Death prove the hazards of triathlons

ST. PETERSBURG — The drowning of a 48-year-old Illinois woman during last year's St. Anthony's Triathlon illustrates that the sport does have its inherent dangers.

Nationwide, there were at least five triathlon-related deaths. Most were the result of undiagnosed, existing medical conditions, but at least one appeared to be swim-related.

Juli Wilson Marshall, an attorney from Chicago, died three days after being pulled from the water by lifeguards. Early reports suggested the mother of four might have been kicked in the face during the crowded swim, but a medical examiner's report said there was no evidence of such an injury.

St. Petersburg's Brian Harrington, a former St. Anthony's race director and member of the sport's national governing board, said any high-exertion sport has risks.

"Before you enter any long-distance event, such as a marathon or triathlon, you need to make sure you have the proper medical clearance and undergo adequate training," said Harrington, the vice president of USA Triathlon.

Harrington warned against what the media has dubbed the "Oprah Effect."

"Just because Oprah Winfrey goes out and runs a marathon doesn't mean everybody should go out and run a marathon," he said.

Swimming a mile in the open water can be a challenge, even for a seasoned lap swimmer.

"There are no black lines to follow," said Joe Lain, the supervisor for Clearwater Beach Safety, which hosts a series of 1-mile ocean swims each summer. "You have tides, waves, currents to contend with. It can get a little wild out there."

St. Anthony's always has gotten high marks for professionalism and organization.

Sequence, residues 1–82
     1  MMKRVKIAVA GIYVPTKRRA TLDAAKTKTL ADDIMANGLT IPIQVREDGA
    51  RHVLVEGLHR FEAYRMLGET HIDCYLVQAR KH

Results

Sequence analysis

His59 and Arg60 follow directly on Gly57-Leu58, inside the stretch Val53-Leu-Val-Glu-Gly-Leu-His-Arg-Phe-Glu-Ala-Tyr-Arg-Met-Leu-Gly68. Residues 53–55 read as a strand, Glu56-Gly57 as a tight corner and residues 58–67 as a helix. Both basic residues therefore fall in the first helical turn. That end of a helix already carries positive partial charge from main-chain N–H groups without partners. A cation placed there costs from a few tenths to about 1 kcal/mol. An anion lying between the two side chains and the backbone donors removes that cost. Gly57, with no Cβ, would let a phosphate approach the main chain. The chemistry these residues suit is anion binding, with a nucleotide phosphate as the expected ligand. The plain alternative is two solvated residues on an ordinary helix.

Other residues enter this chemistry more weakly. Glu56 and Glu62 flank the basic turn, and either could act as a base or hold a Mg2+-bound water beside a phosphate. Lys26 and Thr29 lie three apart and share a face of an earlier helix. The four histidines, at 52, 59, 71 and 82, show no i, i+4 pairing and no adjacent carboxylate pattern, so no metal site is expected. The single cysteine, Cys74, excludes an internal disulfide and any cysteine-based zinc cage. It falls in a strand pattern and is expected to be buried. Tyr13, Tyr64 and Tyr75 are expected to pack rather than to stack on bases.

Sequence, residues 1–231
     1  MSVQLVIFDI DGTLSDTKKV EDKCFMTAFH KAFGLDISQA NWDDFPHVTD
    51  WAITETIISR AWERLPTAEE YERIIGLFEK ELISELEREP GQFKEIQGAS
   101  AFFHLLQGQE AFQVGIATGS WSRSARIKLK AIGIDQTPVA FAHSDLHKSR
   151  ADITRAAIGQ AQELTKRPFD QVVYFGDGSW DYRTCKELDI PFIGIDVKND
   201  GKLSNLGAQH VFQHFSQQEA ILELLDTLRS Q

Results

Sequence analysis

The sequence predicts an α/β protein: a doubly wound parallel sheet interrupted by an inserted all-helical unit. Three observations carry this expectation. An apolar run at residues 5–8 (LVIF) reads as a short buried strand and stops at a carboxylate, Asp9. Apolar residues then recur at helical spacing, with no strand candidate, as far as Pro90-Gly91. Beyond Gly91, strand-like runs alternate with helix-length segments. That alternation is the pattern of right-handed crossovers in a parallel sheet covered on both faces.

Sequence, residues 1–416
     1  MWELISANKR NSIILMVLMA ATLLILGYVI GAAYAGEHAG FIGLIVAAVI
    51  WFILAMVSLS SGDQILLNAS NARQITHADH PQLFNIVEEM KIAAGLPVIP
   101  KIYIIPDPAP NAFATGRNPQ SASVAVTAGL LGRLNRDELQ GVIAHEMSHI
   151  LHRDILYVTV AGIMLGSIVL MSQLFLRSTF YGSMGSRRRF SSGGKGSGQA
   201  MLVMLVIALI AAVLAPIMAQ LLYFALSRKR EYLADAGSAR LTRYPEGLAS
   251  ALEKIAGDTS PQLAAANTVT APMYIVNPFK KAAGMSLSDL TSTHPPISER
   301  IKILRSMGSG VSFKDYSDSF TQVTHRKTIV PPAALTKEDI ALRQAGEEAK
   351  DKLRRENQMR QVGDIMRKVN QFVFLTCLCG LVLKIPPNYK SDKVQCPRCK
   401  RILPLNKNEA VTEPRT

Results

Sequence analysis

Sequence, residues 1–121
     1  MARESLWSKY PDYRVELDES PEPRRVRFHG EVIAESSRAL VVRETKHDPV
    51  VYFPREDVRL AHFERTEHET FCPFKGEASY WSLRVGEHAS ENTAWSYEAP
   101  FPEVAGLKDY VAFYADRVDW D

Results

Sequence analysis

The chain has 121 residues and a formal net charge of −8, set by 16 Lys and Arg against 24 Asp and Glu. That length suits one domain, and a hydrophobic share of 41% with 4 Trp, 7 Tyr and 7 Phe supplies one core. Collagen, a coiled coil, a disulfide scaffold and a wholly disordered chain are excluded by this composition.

"Our first concern is always the safety of our athletes," said race director Philip Lahaye, himself an accomplished triathlete. "We have never tried to put more people on the race course just to make a little more money."

The triathlon typically has about 100 safety personnel on the water. Lifeguards, on personal watercraft and paddleboards, are there to make rescues if needed. Dozens of sea kayakers also are on hand to render assistance to tired swimmers.

"I've worked a lot of triathlons, said Darry Jackson, who coordinates the kayak support for the race. "Last year's St. Anthony's was the best organized and equipped that I have seen as far as water safety goes."

Rescue personnel will have a new tool at their disposal this year: the St. Petersburg Fire Department's 28-foot Boston Whaler, which comes equipped with advanced life support.

Nobody knows until race day whether the swim will be rough or calm. But one thing is sure: The 0.9-mile course will be a challenge to those unaccustomed to open-water swimming.

"I would not recommend St. Anthony's as a first triathlon for anybody because of the swim," said Jackson, who has completed an Ironman-distance event. "They should start off with a sprint. It is much easier, safer."

Death prove the hazards of triathlons 04/24/08 [Last modified: Thursday, April 24, 2008 10:37pm]

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